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Defender of the wrong faith
The Telegraph correspondent Damian Thompson (editor-in-chief of the Catholic Herald and once described by the Anglican Church Times as a "blood-crazed ferret".) writes here (in his blog Holy Smoke) about the barking mad Karen Armstrong’s review of Robert Spencer, and Robert Spencer’s response.
Karen Armstrong is a comically conceited feminist ex-nun who has assumed the duty of defending Islam from its critics. Yesterday’s Financial Times carried her review of an unflattering biography of Mohammed by the American Catholic scholar Robert Spencer.
She accused Spencer of “writing in hatred” and said he “deliberately manipulates the evidence”. By the end of the day, Spencer had hit back online. Very hard. We have the beginnings of a mighty feud here, and I know whose side I am on.
Writing on his website Jihadwatch yesterday, Spencer challenged his readers to find the relevant verse. Someone did. It’s 2:217, and it refers specifically to warfare in the “sacred month”, and then only to say that the prohibition can be set aside. So who is manipulating evidence here?
Armstrong reckons that descriptions of Islam that focus on its warlike origins are like “a description of Christianity based on the bellicose Book of Revelation that failed to mention the Sermon on the Mount.”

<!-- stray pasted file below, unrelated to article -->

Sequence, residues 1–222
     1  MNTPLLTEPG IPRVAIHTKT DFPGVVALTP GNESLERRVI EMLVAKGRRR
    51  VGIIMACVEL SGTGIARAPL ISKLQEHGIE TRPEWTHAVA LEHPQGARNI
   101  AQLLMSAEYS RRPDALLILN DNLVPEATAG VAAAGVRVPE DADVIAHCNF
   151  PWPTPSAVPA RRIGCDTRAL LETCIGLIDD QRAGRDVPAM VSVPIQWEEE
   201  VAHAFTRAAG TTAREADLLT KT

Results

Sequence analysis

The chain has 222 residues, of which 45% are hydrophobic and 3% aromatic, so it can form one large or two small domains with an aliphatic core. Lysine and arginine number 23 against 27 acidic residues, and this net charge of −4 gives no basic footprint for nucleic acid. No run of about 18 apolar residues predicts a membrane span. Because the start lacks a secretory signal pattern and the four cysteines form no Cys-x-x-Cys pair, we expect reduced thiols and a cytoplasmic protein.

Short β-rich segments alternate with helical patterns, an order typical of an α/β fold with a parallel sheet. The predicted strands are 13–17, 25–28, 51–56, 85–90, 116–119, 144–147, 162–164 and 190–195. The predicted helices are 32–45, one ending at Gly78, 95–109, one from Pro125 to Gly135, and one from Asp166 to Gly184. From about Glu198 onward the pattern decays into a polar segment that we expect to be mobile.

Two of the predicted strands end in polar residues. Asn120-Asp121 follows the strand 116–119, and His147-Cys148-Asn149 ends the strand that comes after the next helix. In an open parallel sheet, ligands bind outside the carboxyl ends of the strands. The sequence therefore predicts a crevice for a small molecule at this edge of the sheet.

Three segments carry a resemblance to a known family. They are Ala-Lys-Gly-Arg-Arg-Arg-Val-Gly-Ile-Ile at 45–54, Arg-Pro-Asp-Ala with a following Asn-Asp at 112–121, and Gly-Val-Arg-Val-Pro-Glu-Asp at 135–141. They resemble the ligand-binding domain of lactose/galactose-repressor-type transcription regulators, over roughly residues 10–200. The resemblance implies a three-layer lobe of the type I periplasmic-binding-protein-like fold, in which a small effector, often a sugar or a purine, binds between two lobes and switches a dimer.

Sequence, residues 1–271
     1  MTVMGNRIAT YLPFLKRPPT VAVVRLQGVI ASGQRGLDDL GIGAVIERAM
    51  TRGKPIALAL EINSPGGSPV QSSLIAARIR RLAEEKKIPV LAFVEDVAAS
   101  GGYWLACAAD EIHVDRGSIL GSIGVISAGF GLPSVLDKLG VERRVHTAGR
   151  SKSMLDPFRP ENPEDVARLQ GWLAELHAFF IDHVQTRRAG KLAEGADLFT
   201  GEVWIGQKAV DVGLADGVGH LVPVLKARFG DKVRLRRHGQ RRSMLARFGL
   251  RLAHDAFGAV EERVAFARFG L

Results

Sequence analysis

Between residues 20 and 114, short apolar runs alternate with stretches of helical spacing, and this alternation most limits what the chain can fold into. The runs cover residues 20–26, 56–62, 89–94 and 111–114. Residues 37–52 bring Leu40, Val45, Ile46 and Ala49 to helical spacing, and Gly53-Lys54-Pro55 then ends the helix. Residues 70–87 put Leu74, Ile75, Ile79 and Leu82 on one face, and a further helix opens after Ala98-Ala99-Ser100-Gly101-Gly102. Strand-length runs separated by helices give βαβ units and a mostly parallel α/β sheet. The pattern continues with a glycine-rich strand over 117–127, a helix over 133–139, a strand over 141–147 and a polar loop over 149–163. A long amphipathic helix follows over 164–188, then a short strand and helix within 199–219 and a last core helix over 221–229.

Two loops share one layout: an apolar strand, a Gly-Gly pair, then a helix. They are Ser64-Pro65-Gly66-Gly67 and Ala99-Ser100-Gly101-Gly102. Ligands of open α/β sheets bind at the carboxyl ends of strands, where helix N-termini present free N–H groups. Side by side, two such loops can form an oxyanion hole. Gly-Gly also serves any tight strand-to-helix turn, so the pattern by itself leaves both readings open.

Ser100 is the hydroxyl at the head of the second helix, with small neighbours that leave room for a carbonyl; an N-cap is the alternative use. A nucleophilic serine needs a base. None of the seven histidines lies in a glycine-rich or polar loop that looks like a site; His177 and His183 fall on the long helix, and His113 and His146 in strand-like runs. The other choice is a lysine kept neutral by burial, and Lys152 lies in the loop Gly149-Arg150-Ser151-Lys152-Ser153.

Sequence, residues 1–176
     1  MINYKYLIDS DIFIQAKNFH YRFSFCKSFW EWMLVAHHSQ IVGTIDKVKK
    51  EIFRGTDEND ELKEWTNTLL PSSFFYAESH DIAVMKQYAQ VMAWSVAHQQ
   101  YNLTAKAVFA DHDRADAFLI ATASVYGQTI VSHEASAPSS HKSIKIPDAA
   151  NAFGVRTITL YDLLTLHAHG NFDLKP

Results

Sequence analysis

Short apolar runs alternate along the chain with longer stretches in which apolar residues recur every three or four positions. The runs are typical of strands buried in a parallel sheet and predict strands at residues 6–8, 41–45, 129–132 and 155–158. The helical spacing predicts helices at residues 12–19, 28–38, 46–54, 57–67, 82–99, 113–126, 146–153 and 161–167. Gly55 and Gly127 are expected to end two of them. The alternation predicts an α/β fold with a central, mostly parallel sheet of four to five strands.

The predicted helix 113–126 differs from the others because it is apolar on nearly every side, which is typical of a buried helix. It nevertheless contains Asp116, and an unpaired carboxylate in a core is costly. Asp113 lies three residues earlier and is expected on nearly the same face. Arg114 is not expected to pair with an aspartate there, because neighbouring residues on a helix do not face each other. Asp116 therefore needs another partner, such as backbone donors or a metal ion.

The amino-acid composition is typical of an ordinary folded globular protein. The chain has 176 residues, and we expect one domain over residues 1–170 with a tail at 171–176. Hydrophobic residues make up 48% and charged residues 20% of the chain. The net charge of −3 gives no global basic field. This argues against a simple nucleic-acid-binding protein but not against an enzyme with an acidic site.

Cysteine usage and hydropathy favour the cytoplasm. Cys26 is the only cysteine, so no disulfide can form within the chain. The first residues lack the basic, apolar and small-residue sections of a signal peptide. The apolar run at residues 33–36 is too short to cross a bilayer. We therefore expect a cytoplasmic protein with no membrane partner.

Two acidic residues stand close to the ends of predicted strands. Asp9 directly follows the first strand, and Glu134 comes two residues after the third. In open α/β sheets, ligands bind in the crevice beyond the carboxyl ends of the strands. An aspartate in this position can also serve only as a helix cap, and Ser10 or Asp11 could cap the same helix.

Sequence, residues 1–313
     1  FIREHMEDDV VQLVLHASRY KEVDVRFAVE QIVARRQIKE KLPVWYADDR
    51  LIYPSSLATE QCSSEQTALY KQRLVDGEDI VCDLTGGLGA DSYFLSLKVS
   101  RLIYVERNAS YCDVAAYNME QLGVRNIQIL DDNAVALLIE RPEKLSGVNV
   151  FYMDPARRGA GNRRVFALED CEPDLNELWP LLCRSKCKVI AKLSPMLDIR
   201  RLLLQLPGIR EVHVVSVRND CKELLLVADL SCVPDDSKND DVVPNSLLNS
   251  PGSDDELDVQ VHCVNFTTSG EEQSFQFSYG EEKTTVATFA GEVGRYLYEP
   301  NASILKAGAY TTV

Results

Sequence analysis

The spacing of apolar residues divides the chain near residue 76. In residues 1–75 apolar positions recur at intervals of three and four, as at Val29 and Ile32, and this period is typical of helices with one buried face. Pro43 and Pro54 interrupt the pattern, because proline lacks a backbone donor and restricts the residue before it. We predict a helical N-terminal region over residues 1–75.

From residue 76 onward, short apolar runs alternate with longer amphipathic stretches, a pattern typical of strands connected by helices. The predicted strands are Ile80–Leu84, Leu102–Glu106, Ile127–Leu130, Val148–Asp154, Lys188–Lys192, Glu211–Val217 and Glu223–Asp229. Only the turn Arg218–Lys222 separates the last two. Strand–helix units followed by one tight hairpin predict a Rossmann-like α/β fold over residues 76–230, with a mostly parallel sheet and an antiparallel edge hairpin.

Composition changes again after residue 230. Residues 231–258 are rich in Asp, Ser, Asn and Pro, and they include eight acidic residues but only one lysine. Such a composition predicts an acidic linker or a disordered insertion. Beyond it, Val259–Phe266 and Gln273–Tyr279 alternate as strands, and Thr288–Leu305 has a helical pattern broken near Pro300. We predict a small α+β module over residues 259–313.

That is an unbelievably fatuous and sloppy analogy. The violence of Revelation springs from the imagination: it’s a literary apocalypse. It doesn’t describe any real events. Mohammed was a general whose army beheaded its captives: that’s a fact. The Muslim scriptures urge warfare against unbelievers and apostates; the Christian scriptures preach non-violence.
I really think it’s time someone challenged Karen Armstrong’s credentials as an expert on Islam. How good is her classical Arabic, I wonder? If I was a Muslim, I’d be sick to death of this preachy autodidact constantly representing Islam as a touchy-feely encounter group.
But perhaps the Muslims like her. In which case, please persuade her to convert to Islam, as “a gift to the Christian people”. It would be good to see Karen back in the veil – only, this time, one that covers her mouth.
I like ferrets, engaging intelligent little creatures so long as one doesn’t find them stuffed down ones trousers. The comments so far (8 at time of writing) are also excellent.